Customer advocacy unsurprisingly rated prominently (17.8 percent), matching primary sources of advice data singling out friends and colleagues as the first port of call for trade financing decision making. The larger the business, the more likely they nominated a Bank brand based on a sales pitch by that competing bank that had ‘struck a chord’. Importantly a significant proportion of firms failed to nominate any competitive approach for their business in the last six months, especially in the SMB segment where the sheer demographic challenge of reaching thousands of firms is difficult to surmount, requiring innovative digital solutions.
Bank advertising was the clear disappointment in terms of its place as a key mind share driver (1.8 percent), noting a greater slant to digital (1.3 percent) over traditional channels such as billboards or print media (0.5 percent).

Main Factor Influencing First Name Brand Recall
% of Total

Source: East & Partners Australian Trade Finance Program – H1 2020 (N: 1,892)
Note: *post-coded independently nominated response

Proof Points
This concept has been expanded upon in multiple East & Partners
Research Notes and op-eds, however as customer churn levels intensify in the wake of COVID as long overdue digitisation and Open Banking accelerates switching behaviour, the importance placed on building a deep understanding of the link between mind share and relationship share growth has never been greater.
The crucial influence mind share holds over relationship share success is further evidenced by the formative impact thought leadership has on building brand awareness. The Citi Trade Finance Index is an excellent example of dedicated trade and FX content directed at importers and exporters leading to a discernible improvement in mind share, followed by a lift in relationship share shortly thereafter.

Relationship Share vs Mind Share

Source: East & Partners Trade Finance Program
Note: Vertical dotted line represents Citi Trade Finance Index thought leadership initiative (2012 - 2015)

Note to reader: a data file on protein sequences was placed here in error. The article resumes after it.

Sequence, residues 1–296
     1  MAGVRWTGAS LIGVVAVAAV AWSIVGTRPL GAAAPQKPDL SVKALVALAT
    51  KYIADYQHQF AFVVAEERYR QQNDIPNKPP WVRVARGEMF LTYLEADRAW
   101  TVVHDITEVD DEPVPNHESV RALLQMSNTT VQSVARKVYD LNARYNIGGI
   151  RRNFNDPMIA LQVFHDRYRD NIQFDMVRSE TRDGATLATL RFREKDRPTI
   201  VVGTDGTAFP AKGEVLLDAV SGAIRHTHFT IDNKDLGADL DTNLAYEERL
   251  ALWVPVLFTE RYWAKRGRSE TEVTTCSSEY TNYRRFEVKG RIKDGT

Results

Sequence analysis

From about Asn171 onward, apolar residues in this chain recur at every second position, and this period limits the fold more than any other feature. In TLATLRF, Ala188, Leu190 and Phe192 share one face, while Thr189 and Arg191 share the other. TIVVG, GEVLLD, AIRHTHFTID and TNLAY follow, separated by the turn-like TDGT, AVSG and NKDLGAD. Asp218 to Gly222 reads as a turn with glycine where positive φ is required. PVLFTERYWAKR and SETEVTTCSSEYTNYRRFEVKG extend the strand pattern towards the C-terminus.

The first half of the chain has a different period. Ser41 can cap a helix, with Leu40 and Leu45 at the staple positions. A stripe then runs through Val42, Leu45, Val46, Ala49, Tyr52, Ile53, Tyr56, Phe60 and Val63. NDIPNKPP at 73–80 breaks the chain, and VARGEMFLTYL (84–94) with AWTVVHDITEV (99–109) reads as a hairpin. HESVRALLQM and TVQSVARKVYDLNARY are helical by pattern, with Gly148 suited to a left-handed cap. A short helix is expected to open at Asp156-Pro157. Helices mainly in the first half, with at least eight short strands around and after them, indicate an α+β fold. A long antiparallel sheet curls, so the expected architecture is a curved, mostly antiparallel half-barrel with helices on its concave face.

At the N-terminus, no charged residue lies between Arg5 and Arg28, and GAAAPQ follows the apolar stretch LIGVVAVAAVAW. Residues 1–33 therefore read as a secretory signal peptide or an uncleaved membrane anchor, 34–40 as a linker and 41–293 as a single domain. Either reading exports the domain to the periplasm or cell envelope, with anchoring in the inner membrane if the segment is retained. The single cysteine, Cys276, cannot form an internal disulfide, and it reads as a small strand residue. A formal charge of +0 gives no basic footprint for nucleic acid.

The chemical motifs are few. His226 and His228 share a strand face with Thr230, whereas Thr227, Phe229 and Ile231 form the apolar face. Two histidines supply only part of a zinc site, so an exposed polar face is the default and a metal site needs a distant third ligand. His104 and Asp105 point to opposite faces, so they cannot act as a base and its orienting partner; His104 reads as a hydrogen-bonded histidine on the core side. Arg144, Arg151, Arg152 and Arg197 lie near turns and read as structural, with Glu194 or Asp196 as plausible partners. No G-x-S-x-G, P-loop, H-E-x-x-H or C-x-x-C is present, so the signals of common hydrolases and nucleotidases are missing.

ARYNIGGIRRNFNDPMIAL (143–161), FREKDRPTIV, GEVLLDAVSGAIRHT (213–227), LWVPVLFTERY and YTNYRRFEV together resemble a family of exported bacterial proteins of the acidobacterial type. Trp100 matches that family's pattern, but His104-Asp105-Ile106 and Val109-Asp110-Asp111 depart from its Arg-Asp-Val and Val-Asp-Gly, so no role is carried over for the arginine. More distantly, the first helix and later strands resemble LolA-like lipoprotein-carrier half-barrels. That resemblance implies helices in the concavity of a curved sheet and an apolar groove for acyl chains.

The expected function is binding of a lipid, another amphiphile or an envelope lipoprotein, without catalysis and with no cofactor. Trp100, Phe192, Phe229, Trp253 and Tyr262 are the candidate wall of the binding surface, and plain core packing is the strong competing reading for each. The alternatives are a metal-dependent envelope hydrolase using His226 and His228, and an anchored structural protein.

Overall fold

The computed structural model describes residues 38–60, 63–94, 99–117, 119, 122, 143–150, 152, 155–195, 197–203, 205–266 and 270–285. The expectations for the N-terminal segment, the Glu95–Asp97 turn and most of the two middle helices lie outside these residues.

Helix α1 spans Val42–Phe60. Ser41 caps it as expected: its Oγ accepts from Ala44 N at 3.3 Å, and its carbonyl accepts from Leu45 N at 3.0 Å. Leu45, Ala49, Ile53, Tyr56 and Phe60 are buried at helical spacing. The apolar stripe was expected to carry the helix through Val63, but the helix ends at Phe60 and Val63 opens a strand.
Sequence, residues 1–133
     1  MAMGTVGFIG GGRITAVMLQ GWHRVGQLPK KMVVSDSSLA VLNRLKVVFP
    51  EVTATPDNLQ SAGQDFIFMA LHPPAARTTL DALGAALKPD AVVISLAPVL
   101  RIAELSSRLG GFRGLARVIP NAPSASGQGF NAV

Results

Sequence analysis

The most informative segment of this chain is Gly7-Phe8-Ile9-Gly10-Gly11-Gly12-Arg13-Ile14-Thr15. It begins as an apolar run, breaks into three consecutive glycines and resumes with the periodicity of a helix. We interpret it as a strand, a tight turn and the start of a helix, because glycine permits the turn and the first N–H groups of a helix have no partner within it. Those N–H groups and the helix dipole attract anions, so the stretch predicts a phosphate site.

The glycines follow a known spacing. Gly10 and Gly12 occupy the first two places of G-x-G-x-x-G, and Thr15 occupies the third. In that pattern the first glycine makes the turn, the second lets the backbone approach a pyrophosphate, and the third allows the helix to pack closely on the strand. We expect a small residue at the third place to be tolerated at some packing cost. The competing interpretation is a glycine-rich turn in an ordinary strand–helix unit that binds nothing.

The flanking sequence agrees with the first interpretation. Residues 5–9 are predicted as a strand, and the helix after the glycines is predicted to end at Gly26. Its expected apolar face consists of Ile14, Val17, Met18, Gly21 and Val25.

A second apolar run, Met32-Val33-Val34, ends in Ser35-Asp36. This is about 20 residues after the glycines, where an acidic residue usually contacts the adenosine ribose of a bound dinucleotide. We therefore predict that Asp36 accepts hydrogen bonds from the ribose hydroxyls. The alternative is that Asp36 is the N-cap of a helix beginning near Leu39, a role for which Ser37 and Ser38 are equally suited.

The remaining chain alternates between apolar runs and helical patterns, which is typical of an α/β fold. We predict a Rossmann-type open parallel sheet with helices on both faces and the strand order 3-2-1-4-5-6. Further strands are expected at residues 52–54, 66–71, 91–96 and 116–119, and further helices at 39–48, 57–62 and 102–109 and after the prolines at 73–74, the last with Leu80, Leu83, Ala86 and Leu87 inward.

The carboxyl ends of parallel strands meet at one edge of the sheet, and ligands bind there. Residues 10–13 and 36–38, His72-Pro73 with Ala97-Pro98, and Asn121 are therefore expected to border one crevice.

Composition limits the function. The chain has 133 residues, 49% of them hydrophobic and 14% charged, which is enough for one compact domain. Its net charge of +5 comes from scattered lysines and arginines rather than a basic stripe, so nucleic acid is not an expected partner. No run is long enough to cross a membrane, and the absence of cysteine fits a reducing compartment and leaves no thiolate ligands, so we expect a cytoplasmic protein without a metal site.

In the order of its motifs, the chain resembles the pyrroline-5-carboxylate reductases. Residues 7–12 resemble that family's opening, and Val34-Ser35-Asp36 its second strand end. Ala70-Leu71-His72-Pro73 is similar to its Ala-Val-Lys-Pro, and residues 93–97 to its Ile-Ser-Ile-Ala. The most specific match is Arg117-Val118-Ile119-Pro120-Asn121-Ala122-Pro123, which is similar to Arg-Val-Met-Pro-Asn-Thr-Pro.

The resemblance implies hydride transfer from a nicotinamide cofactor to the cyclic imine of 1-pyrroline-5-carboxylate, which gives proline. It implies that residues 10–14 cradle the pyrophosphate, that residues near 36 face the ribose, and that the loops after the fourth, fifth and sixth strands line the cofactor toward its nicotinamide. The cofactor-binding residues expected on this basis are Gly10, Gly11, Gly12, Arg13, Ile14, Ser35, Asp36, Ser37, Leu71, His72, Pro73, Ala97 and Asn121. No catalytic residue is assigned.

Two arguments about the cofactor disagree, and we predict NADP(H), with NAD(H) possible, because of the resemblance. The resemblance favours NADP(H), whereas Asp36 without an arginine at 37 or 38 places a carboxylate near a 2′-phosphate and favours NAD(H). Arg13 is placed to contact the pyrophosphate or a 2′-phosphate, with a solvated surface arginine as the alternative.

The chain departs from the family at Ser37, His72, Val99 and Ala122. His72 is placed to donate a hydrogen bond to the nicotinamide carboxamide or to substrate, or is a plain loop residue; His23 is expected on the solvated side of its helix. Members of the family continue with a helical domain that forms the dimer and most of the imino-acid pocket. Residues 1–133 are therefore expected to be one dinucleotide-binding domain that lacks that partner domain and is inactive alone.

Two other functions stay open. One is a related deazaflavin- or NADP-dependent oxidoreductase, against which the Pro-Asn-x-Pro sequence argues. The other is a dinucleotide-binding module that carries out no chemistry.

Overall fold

Notably the delayed impact of mind share growth reinforces the need to provide sustained, focused investment in specific insights that preferably provide benchmarking insights by region or sector. In the case of the Citi Trade Finance Index it took up to 18 months for the full impact of increased mind share to be felt.
Furthermore, brand awareness dipped rapidly at the conclusion of the program yet a delayed impact on relationship share was recorded. This inherent “lag effect” of increased mind share contributing to relationship share growth, be it organic primary enhancements or conversion of secondary customers to primary, varies significantly by product line and is subject to disparities in “wallet share”, or the level of multibanking that takes place for a given product line.

The insights are timely as new entrants seek to win share in the global markets, but also recalibrating tense customer relationships at a time when many firms are gearing up for growth following two years of wide scale disruption created by the COVID-19 pandemic.
Proprietary East analysis is providing more clarity around when the “tipping point” for relationship share growth is reached, however the key message is that short sharp “sugar hits” of content based marketing are not effective for achieving the requisite ramp up in recognition and subsequent customer acquisition. Additional variables also have a major impact including Onboarding efficiency, perceived value for money, digital prowess and pricing competitiveness.
 As the full scale recovery from the COVID-19 pandemic ramps up in 2022, no doubt Bank marketing budgets will be seeking the greatest return on investment (ROI) in an increasingly crowded market. Understanding what motivates CFOs and corporate treasures when comparing providers, and especially why they think of a particular brand ahead of others, emerges as a pivotal confident first step in what is a long mind share development journey.

How is your bank effectively harnessing voice of the customer research?

If you enjoyed this article, sign up here to read more from us

Related articles you may be interested in:


We'd like to hear your opinion, get in touch with us below.
Copyright © 2021 East & Partners, All rights reserved.